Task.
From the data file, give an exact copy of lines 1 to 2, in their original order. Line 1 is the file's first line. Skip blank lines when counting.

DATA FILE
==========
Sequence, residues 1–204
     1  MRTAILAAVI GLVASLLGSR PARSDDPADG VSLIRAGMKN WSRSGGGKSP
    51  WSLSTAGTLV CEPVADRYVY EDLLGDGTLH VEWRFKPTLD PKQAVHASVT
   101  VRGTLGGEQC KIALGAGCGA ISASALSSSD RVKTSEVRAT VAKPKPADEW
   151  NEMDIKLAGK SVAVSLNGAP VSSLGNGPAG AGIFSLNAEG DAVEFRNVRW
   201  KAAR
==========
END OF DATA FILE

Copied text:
Sequence, residues 1–204
     1  MRTAILAAVI GLVASLLGSR PARSDDPADG VSLIRAGMKN WSRSGGGKSP